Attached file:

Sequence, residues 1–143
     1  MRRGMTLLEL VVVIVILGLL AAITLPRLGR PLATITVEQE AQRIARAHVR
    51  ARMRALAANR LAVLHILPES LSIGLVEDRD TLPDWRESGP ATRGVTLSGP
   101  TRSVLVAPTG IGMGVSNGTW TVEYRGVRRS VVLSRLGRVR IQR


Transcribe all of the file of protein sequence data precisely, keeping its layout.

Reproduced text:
Sequence, residues 1–143
     1  MRRGMTLLEL VVVIVILGLL AAITLPRLGR PLATITVEQE AQRIARAHVR
    51  ARMRALAANR LAVLHILPES LSIGLVEDRD TLPDWRESGP ATRGVTLSGP
   101  TRSVLVAPTG IGMGVSNGTW TVEYRGVRRS VVLSRLGRVR IQR